In an interesting wrinkle, the rights to King’s actual speeches reside with another studio and were not able to be purchased by the filmmakers of “Selma.” As such, director DuVernay was tasked with re-writing King’s speeches for the film. Her work is exceptional, as she is able to skirt by copyright law and give the character rousing material sounding exactly like King’s actual speeches. Of course, it helps to have Oyelowo giving her words such dramatic weight.

Though largely coincidental, “Selma” happens to be a film that is incredibly timely. Moviegoers will undoubtedly notice parallels between what they’ve seen on TV from Ferguson, Missouri and the events of the film, especially as police launch tear gas at protestors. If nothing else, the comparisons reinforce the still reverberating racial tension that reached a fever pitch in the most intense sequences of “Selma” and carry on through the country today.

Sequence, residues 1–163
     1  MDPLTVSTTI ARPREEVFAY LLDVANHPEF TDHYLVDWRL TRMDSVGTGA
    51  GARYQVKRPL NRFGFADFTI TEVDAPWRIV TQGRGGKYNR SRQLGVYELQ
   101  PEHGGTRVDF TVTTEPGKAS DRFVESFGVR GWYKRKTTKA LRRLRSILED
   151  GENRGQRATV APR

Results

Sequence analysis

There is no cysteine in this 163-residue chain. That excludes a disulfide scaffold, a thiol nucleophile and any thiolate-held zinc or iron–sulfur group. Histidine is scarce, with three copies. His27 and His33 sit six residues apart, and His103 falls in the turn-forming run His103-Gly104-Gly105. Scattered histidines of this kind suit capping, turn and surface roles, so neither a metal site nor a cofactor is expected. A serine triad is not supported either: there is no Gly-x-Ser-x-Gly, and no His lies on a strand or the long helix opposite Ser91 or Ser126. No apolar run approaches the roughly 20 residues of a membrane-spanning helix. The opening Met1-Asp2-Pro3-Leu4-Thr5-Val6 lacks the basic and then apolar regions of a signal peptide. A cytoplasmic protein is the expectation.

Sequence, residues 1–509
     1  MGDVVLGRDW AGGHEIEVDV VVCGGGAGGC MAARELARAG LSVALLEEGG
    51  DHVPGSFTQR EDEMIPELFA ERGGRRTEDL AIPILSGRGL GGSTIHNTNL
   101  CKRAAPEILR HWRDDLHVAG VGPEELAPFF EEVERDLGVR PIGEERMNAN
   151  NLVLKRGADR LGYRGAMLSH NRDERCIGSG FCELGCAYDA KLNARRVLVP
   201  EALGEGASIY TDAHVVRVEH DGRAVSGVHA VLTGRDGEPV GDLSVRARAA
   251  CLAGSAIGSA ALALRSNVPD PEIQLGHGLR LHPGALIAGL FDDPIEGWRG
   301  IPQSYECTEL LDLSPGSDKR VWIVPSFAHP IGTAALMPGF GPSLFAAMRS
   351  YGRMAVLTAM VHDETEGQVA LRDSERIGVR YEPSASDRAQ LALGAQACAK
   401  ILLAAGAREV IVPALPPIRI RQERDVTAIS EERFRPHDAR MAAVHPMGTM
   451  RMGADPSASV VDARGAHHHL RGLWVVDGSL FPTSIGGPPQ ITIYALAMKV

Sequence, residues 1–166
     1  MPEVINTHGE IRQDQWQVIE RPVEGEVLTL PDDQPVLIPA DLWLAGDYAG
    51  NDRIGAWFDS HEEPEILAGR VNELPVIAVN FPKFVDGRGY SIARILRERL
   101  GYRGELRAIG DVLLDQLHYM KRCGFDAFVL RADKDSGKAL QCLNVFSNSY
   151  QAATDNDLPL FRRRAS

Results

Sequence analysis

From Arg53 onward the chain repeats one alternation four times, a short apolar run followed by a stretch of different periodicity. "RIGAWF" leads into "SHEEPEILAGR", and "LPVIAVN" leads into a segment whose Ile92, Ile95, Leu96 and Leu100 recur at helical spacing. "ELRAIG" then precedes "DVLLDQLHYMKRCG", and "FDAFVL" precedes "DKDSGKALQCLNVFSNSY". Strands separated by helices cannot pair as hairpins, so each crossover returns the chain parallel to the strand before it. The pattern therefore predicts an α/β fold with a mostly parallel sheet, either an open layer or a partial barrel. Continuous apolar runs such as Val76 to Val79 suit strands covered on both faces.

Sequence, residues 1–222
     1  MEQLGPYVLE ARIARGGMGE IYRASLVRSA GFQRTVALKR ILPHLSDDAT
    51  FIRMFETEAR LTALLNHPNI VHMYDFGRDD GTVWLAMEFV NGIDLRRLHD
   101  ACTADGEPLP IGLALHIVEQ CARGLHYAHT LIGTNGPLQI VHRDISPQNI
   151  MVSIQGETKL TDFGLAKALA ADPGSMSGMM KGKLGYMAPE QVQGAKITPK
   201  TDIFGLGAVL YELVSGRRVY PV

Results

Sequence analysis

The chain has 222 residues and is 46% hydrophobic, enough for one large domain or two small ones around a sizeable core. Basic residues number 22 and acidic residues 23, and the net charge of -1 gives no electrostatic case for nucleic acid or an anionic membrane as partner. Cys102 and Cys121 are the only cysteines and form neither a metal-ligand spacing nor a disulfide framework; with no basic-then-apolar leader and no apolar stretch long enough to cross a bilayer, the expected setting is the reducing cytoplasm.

By focusing on just the voting rights marches, screenwriter Paul Webb successfully avoids one of the most common pitfalls of biopics, which is casting too big of a net and spanning too much of a subjects life. In keeping things condensed, Webb’s story is able to resonate deeper and leads to a clean and powerful story arc. Anchored by Oyelowo’s performance, “Selma” is the rare Hollywood biopic that is as raw as it is polished and powerful, making it one of the better civil rights movies in recent memory.